Monday, 19 January 2015

Cages by Ed Gorman, 1994

‘Cages’ just happened. I’m not sure why or how. I’m not even exactly sure what it’s about. But I do know that it’s a metaphor for how I've felt most of my life.
— Ed Gorman, Author's Note

© Cemetery Dance
Publications
Sunday morning, I woke up to a pitiful sight. A shabbily dressed man beat his dishevelled wife in front of their half-naked kid and a few roadside spectators. The man was consumed by rage and was probably high on booze or drugs as he abused, slapped, punched, and kicked his wife. He wanted her to go back and when she refused he dragged her by the hair and slapped her again. She clung to his legs. He punched her some more and tried to chase her away. The kid sucked on his little dirty fingers and quietly watched his father beat his mother who was silent and submissive throughout her ordeal. It didn’t last long. They disappeared somewhere.

I thought of this disturbing scene in context of the opening scene in Cages, a short story by well-known American author Ed Gorman. A small freakish boy with only one arm suffers the mental agony of listening to his parents fight over money, to his “dreamdusted” father slamming his mother into the wall and hitting her, to his mother shrieking and screaming and abusing as his father forces himself on her, till all is quiet again.

The boy is seething with anger. He wants to kill the man who created dreamdust which has destroyed his family, even his dream of a happy family. He knows that money, or the lack of it, is the reason why his father and mother fight every night. He decides to do something about it. He sets out with a sack filled with something unimaginable, along the way braving abuse and harassment by street bullies who call him “faggot” and “mutant.”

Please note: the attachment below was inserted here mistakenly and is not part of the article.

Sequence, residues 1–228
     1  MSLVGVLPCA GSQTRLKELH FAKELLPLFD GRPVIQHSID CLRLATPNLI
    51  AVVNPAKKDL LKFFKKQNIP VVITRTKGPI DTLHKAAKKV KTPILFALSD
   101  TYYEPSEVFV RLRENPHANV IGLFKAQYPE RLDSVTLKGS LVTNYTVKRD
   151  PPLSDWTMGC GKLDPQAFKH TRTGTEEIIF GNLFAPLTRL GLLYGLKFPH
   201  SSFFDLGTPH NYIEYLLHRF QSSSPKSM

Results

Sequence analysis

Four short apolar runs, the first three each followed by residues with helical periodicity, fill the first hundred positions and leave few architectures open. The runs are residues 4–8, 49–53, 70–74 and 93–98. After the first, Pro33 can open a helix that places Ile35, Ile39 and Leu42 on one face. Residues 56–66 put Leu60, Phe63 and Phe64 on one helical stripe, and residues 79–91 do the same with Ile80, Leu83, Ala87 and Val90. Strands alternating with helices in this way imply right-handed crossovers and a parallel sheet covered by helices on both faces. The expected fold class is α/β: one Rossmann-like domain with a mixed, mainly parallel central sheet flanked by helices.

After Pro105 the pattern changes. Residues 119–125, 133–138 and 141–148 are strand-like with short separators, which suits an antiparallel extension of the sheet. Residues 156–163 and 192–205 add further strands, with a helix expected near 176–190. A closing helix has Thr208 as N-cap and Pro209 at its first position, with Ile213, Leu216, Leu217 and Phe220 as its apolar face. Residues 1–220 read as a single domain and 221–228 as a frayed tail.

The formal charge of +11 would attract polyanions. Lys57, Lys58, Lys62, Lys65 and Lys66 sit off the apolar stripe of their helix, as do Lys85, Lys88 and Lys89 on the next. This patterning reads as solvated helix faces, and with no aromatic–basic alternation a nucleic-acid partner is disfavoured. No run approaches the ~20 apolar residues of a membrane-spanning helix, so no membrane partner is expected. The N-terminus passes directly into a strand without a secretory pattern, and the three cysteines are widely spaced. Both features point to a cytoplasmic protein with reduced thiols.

Cages is a dark, disturbing, and depressing tale. Some might read it as a horror story. It is set in a futuristic society addicted to a strange drug and distorted by mutants and androids. The mere idea that a society such as the one drawn by Gorman could exist someday is terrifying. Yet, in a way it already does. Shades of it are visible, for instance, in Indian society, especially in the lower echelons, where wife beating, sexual molestation, and rapes are common; where female foeticide and infanticide, though long outlawed, are still prevalent; where female foetuses and newborn girls are found dumped in garbage bins. ‘Cages’ would be an apt title to describe the sad plight of many a woman and girl child in India.

Well, this is just my take on the story which could be interpreted in so many dystopian ways.

Ed Gorman brings a unique style to Cages, one that I don’t read often. His writing is bare, he fires from the hip, there is almost no punctuation, and profanities are galore, none of which diminishes the value of this 21-page narrative. Cages makes for a chilling bedtime story. Or you could read it during the day and still shudder.